The SS Nomadic is a ship that lived almost a hundred years longer than its ill-fated big sister, RMS Titanic. Both were built in Belfast in 1911 by Harland and Wolfe and the Nomadic is the last surviving vessel of the famous transatlantic White Star Line. After a chequered career that included active service in both World Wars, the Nomadic returned to its Belfast home and is now a museum ship on the Hamilton Graving Dock.
Consarc Conservation were appointed to be part of an integrated Design Team to oversee the conservation, repair and refurbishment of the vessel’s interior to its former 1911 condition. It was established that the original flooring material had been Linoleum, buried under a cement screed since the late 1960s when the ship was converted into a floating restaurant in Paris. The discovery of this original flooring material helped to inform the geometric design and colour-pattern chosen from the standard Forbo ‘Global 3’ range. The original flooring, now restored, is displayed as an exhibit on board the vessel.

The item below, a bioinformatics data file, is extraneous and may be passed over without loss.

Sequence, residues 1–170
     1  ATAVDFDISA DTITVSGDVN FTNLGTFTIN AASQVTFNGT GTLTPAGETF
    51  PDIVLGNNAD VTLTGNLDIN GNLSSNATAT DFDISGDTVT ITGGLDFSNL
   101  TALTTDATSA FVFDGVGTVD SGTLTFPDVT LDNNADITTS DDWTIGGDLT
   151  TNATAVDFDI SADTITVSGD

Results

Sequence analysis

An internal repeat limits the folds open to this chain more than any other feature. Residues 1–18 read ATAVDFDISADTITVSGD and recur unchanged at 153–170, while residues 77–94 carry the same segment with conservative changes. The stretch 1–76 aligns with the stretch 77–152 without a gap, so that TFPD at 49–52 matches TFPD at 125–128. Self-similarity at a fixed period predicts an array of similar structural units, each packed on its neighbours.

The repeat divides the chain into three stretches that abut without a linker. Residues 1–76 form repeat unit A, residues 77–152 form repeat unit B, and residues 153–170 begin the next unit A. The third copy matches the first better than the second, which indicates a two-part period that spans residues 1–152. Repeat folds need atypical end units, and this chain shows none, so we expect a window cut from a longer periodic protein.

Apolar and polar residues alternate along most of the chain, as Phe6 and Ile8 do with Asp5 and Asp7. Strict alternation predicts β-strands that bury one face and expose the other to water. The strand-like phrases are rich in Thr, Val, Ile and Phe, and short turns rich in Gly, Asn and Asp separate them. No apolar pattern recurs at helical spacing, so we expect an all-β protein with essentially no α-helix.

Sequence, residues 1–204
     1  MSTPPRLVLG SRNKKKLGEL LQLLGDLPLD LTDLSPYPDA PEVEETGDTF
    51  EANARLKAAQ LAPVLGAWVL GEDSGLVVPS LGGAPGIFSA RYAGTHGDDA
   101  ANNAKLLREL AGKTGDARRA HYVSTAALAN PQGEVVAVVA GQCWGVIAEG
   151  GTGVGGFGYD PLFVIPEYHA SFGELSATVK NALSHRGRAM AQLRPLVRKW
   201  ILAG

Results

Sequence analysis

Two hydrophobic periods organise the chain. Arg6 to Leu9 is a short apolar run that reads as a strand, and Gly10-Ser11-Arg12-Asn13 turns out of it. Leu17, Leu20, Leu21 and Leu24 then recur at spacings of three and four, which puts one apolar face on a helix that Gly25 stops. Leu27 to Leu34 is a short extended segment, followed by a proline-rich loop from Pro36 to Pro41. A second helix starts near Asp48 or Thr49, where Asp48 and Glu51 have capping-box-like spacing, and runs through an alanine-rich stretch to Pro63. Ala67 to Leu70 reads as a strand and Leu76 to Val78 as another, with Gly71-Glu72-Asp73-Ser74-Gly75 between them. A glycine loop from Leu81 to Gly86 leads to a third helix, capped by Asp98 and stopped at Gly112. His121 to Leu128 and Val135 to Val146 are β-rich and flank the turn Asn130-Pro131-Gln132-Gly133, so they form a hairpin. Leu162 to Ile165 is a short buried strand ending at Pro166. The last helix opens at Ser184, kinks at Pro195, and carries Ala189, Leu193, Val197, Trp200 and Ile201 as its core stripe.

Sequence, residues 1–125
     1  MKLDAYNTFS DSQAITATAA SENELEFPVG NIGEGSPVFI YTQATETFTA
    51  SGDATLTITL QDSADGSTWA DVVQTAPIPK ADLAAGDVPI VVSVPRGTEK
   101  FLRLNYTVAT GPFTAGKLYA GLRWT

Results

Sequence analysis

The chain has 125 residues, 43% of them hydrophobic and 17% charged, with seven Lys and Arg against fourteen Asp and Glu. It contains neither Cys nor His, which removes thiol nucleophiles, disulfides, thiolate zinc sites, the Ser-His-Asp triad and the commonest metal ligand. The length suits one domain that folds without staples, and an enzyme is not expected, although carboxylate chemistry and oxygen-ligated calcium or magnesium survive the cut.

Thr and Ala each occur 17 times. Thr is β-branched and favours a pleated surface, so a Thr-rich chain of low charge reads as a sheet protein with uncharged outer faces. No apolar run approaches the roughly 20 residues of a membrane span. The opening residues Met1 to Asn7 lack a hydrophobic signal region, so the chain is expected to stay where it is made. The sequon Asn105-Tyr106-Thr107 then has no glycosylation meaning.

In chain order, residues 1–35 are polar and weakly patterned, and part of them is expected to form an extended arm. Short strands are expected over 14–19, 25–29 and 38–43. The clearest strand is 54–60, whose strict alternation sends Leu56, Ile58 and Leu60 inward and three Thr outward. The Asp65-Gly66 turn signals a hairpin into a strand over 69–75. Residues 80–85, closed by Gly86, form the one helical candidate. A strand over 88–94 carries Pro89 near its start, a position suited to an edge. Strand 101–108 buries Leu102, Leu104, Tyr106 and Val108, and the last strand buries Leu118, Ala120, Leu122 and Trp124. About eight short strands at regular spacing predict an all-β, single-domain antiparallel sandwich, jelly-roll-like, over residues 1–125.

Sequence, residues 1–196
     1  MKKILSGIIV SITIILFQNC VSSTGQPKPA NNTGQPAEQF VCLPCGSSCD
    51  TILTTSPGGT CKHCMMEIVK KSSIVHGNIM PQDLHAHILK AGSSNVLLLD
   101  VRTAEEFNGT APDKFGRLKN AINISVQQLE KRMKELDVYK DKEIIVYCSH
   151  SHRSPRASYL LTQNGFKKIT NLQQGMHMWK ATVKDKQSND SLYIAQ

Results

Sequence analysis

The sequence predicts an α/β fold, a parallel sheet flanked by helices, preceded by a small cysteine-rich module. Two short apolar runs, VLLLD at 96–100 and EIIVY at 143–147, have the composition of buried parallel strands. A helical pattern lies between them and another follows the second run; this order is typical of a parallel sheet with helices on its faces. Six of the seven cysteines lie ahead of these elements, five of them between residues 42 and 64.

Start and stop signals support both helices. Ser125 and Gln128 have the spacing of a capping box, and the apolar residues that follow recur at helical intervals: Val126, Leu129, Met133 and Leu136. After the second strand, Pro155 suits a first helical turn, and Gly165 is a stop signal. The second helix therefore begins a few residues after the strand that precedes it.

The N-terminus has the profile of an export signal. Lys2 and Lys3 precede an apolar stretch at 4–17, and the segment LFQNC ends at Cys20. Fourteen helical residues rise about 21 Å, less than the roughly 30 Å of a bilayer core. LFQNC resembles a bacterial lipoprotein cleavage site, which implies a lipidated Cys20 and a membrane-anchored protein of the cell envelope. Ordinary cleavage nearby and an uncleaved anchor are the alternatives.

Forbo thus played a leading role in the re-creation of the vessel’s original interior. The design department at Forbo Flooring in Kirkauldy reproduced the original flooring pattern on CAD and this can now be seen by visitors to the First and Second class areas.
“The choice of floor covering was driven by the desire to replace the original material with something that matched it as closely as possible”, explains Graeme Moore, RIBA conservation architect and Associate at Consarc Conservation, Belfast. “The new product is also the ideal choice for durability and ease of maintenance, the ‘Topshield’ coating ensuring that the heavily trafficked areas under tourists’ feet can be cleaned with only warm water”.
Forbo is proud to be part of this important restoration project, and to have proved once again that innovation is the best form of preservation.